Sheryl Sadorski-Gordon with her son Jacob spending time together over March Break. Sheryl is the first recipient in B.C. to receive the Medal of Courage from the Canadian Cancer Society.

Sheryl Sadorski-Gordon with her son Jacob spending time together over March Break. Sheryl is the first recipient in B.C. to receive the Medal of Courage from the Canadian Cancer Society.

Cancer society awards Rupert volunteer with the Medal of Courage

Sheryl Sadorski-Gordon from Prince Rupert is the first B.C. volunteer to receive the Canadian Cancer Society's Medal of Courage.

In the final stages of her battle with cancer one Prince Rupert woman continues to inspire beyond the boundaries of the city.

The Canadian Cancer Society has awarded Sheryl Sadorski-Gordon with the Medal of Courage, making her the first recipient in B.C. to receive the honour.

The award is dedicated to a society volunteer who has proved to have exceptional courage and has served as a role model to others while fighting their own battle with cancer.

Since her diagnosis with cervical cancer in 2014, Sheryl has been public about her journey. Through the Relay for Life fundraiser for cancer, she has rallied those around her to fundraise and build a strong support network within the community.

Last year, her team, Too Inspired To Be Tired/Sheryl’s Warriors, raised the most funds for the relay with $17,976. Altogether, the relay teams in Prince Rupert raised $124,000 in 2016, almost doubling the amount raised in 2013 with $65,000. The Canadian Cancer Society noted that the increase was due to Sheryl’s contribution.

“I just want my kids to learn that we all have something to give: compassion, empathy and love,” Sheryl said, while bundled up inside her home on March break and spending time with her son, Jacob.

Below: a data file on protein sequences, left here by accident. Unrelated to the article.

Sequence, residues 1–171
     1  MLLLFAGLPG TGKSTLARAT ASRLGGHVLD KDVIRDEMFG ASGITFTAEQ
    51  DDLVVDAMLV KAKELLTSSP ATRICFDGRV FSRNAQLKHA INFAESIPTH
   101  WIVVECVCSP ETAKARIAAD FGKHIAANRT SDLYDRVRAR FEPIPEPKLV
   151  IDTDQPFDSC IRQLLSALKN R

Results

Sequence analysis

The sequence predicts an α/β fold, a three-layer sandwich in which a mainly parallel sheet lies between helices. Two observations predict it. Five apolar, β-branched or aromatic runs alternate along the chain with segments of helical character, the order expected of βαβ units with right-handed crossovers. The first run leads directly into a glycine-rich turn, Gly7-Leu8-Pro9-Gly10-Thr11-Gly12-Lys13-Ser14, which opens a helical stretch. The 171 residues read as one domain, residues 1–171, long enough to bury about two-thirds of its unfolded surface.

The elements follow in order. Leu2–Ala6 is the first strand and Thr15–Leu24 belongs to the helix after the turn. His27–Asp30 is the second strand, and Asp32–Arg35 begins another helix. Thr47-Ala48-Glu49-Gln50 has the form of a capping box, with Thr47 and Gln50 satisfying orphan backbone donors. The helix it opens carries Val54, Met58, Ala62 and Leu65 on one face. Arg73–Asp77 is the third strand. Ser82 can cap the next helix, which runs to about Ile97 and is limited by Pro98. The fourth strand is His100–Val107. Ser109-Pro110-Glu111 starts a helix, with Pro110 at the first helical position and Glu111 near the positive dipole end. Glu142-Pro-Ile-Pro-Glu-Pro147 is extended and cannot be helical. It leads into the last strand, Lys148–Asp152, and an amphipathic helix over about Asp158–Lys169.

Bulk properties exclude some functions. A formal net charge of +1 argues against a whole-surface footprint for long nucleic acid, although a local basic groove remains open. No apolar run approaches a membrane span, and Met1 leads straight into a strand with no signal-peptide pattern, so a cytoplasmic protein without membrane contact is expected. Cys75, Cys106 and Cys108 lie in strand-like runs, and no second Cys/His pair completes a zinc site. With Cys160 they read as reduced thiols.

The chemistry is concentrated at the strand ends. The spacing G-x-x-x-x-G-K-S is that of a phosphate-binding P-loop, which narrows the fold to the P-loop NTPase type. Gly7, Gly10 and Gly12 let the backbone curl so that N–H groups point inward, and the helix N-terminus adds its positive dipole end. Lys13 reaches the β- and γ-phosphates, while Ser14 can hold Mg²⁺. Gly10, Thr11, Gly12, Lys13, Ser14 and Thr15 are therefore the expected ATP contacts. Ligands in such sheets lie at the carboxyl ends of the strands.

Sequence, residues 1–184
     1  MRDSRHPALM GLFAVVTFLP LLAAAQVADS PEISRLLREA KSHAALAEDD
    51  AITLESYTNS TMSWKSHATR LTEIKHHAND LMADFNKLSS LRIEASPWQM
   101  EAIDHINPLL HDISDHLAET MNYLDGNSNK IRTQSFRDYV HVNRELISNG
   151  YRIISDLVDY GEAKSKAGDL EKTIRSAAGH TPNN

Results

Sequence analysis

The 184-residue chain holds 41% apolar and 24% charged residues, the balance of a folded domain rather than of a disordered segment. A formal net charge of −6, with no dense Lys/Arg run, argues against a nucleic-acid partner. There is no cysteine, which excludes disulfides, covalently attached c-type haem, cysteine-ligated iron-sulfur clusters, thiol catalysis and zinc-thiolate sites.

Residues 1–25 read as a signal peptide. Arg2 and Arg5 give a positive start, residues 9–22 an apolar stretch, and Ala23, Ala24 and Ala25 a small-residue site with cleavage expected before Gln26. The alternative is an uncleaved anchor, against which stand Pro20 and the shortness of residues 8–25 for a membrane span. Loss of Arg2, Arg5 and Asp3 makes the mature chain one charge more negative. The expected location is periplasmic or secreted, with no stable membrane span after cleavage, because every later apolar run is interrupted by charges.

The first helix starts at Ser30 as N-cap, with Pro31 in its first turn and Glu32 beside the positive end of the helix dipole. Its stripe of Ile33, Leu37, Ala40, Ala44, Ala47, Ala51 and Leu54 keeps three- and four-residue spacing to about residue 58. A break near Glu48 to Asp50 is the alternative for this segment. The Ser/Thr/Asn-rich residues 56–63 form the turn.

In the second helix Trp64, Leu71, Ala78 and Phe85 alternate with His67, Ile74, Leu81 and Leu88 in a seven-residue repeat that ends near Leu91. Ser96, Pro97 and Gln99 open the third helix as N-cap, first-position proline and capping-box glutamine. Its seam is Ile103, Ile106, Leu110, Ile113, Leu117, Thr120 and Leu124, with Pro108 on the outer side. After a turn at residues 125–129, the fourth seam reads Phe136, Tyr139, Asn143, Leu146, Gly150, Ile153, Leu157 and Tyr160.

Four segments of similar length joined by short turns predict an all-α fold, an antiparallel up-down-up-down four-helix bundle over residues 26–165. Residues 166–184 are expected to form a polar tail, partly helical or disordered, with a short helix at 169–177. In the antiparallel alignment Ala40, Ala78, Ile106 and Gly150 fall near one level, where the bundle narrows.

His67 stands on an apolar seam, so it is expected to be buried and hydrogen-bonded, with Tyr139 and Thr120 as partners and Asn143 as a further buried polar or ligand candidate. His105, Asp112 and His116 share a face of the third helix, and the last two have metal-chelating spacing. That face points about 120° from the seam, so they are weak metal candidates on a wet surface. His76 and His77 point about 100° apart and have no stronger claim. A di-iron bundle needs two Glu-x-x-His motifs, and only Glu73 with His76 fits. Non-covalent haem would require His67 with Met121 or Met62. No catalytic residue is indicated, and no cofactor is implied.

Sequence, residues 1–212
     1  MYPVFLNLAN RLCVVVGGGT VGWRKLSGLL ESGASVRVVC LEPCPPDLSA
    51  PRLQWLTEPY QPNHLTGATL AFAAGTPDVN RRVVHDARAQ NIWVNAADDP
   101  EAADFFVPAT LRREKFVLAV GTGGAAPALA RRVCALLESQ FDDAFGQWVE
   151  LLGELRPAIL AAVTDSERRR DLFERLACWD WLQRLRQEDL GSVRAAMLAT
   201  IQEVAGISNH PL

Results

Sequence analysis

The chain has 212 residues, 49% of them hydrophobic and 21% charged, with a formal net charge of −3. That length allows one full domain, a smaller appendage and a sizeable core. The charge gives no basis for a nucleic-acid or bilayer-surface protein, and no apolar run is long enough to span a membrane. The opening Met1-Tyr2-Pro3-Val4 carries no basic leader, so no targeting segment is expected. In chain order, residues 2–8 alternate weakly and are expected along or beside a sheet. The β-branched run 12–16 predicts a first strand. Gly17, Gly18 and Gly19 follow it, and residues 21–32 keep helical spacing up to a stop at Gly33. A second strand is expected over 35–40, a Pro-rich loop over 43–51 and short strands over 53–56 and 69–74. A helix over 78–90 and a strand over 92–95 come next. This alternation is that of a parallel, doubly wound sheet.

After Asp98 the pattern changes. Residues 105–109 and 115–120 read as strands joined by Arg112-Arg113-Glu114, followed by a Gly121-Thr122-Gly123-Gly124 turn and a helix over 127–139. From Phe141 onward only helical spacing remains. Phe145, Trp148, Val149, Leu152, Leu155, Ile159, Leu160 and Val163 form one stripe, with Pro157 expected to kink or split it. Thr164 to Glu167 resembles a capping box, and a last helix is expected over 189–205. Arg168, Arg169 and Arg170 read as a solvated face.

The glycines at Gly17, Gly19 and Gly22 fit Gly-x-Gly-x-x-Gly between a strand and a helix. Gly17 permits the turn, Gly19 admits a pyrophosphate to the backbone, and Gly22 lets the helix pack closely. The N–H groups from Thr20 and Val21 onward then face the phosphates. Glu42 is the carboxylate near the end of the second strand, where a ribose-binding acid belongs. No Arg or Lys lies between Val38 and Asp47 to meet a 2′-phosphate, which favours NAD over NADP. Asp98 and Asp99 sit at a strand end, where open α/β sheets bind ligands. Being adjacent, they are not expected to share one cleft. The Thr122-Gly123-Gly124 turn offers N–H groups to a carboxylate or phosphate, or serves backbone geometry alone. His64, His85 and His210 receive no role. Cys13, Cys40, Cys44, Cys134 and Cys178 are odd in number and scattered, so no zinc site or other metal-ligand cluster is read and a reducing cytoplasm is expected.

This is her last “kick of the can” she said, and despite her condition, she is all fired up about preparing for another Loonie auction on April 28 at The Crest. In the first week, people from the North Coast, and even Saskatchewan and Whitehorse, had donated goods to fill the auction tables.

“It’s overwhelming how many people stepped up this year,” Sheryl said.

Fundraising for The Relay for Life fuels is what has kept her going since her diagnosis, she said it has given her something to fight for. Now, she wants her own kids to continue that fight.

Earlier this year, her son’s hockey team did the polar bear swim, the resolution run and a bottle drive to raise money for team travel and for the community. The team chose to give half their funds, $1,000 to the oncology unit in Prince Rupert.

For the 2017 Relay for Life, Sheryl’s team took on a slight name change to reflect the awareness ribbon for cervical cancer. The White & Teal Women of Steel have become a catalyst fund, to raise money specifically to fund research on cervical cancer.

The Canadian Cancer Society has recognized Sheryl’s efforts in Prince Rupert, and has seen the ways she’s inspired others, which was why they gave her the award.

“She has chosen to live her cancer journey in a courageously public way in order to create change. She uses her cancer story as a platform to challenge and inspire others. She is a passionate speaker and helps to tie the value of research to her real life experience,” said Shelia Dong, manager of communications for the Canadian Cancer Society.

The White & Teal Women of Steel Loonie Auction will be on Friday, April 28 from 6:30 p.m. to 11:00 p.m. The team has received approximately 70 items and is still looking for contributions. Proceeds will go to the Canadian Cancer Society and will support Sheryl’s team.